The manpower and resources required for splashdowns account for only a portion of the problems associated with the method. The engineering ease of splashdowns was done at the cost of valuable data in light of the corrosive effects of salt water. Splashdowns also posed serious potential hazards to human life. Gus Grissom experienced the very real dangers associated with splashdowns in the final stages of his Mercury suborbital flight. Following splashdown, the hatch on his Liberty Bell 7 opened prematurely forcing Grissom to swim out into the ocean to escape the rapidly flooding spacecraft. The spacecraft sunk and was lost (recovered in 1999), leaving Grissom to fight against a flooding spacesuit and rough waters until the recue helicopter was able to lift him from the water. Once aboard the recovery carrier, an officer presented Grissom with his lost helmet that had been found floating inches away from a ten-foot shark.
Splashdowns also placed the astronaut in a less-than-ideal passive role. As popular retellings of the early space program are wont to dramatize, the hotshot test-pilots-turned-astronauts had no intention of being mere occupants in the spacecraft. They wanted to fly it, particularly in the landing stage. It was far from dignified for these men to be hauled out of the ocean like wet dogs when they were more than capable of landing an airborne vehicle.
A land landing method could, in theory, simplify the whole return and recovery phase of the mission. The astronauts could pilot the spacecraft to a controlled landing on a designated runway. Certainly emergency personnel would be on the scene, but they could be called prior to landing rather than waiting on hand for the duration of the mission. As for the recovery, the astronauts could open the hatch themselves and climb out, negating the need for the assistance of a team of men. (The image to the right shows Gordon Cooper being hauled into the recovery helicopter following the Gemini 5 mission. August, 1965.)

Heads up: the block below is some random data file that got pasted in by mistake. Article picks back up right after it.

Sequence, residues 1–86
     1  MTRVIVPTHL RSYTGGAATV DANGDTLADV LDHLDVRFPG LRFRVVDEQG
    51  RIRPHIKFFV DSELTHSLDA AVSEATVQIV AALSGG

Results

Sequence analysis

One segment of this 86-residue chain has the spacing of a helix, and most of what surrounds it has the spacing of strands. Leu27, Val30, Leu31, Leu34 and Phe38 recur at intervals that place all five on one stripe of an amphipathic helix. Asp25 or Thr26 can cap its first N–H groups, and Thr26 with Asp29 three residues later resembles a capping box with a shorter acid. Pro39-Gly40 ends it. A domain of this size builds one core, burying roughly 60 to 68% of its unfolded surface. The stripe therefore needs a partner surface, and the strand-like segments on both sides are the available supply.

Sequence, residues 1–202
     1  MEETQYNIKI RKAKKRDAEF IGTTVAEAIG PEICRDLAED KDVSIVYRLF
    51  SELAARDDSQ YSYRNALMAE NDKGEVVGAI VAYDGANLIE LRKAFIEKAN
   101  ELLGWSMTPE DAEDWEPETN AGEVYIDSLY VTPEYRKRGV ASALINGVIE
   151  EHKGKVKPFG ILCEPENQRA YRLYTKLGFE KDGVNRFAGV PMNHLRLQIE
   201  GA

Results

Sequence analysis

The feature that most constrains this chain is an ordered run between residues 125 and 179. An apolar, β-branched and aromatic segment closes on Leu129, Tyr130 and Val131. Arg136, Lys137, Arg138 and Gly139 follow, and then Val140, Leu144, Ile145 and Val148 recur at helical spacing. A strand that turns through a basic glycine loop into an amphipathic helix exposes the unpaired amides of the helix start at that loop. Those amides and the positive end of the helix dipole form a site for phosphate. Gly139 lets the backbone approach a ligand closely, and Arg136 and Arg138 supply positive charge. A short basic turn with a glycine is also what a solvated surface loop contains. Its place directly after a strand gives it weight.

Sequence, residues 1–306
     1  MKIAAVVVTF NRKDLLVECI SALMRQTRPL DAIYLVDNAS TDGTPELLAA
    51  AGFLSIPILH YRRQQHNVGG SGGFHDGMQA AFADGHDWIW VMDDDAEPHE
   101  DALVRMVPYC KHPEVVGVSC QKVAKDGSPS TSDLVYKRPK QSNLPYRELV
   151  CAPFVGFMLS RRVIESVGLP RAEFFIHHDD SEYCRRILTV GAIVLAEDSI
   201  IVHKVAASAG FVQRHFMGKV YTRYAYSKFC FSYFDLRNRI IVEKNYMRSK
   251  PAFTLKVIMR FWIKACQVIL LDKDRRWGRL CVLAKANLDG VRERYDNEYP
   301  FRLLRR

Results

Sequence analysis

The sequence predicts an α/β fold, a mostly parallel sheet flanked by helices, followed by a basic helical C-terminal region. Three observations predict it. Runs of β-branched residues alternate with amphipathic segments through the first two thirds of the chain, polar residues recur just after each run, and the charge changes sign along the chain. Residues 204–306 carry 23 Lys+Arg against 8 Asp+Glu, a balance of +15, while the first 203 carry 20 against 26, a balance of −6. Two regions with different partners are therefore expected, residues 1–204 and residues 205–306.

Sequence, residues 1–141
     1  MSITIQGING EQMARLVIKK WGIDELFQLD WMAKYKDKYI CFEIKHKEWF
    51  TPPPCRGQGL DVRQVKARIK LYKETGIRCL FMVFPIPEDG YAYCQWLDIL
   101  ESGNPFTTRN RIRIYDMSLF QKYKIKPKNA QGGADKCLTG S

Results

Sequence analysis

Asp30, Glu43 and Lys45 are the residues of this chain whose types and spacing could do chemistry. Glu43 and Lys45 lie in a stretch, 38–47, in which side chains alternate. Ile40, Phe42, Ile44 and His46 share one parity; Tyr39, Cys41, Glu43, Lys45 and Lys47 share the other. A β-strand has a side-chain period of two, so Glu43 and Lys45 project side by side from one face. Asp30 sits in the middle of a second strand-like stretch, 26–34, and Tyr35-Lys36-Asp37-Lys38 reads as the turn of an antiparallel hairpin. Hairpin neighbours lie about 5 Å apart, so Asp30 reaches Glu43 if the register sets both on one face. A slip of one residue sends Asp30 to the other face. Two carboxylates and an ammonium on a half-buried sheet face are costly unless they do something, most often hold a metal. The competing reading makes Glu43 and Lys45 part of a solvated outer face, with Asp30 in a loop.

One of the central champions for land landing in the Gemini was chief of the Gemini Program Office James Chamberlin who argued that the objections to water landings were sufficiently fundamental to preclude it being preferred over land landings. There was no reason not to make the switch to a land landing system. And NASA did embark on such a project, spending $165 million on a system to convert the Gemini spacecraft into a fully pilotable glider that the astronaut could fly down to a landing on a runway. As can be inferred from the previous figures I’ve cited on the recovery effort during the Gemini and Apollo program, the attempt was unsuccessful. It is, nevertheless, a fascinating story that has secured a place in the footnotes of spaceflight history. It will remain there for the time being. I will doubtless devote time to it in future writings.
Suggested Reading/Selected Sources:
1. Blair, Don. Splashdown! NASA and the Navy: Turner Publishing Company (KY). 2004.
2. Carpenter, M.S, Cooper, L.G., Glenn, J.H., Grissom, V.I., Schirra, W.M., Shepard, A.B., Slayton, D.K. We seven: By the astronauts themselves: Simon and Schuster. 1962.
3. Grimwood, James M. and Hacker, Barton C. with Vorzimmer, Peter J. Project Gemini: Technology and Operations, NASA Historical Series. Washington: NASA. 1969.
4. Grimwood, James. Project Mercury: A Chronology. Washington: NASA. 1963.
5. Grissom, Virgil I. Gemini: A Personal Account of Man’s Venture into Space. Toronto: The Macmillan Company. 1969.
6. Hacker and Grimwood. On the Shoulders of Titans: A History of Project Gemini. Washington: NASA. 1977.
7. Hacker, Barton C. and Grimwood, James M. On the Shoulders of Titans. Scientific and Technical Operations Division, National Aeronautics and Space Administration, Washington. 1977.
8. Swenson, LS. This New Ocean: a History of Project Mercury. Washington: NASA. 1998.
9. Wolfe, Tom. The Right Stuff. Picador, New York. 1979.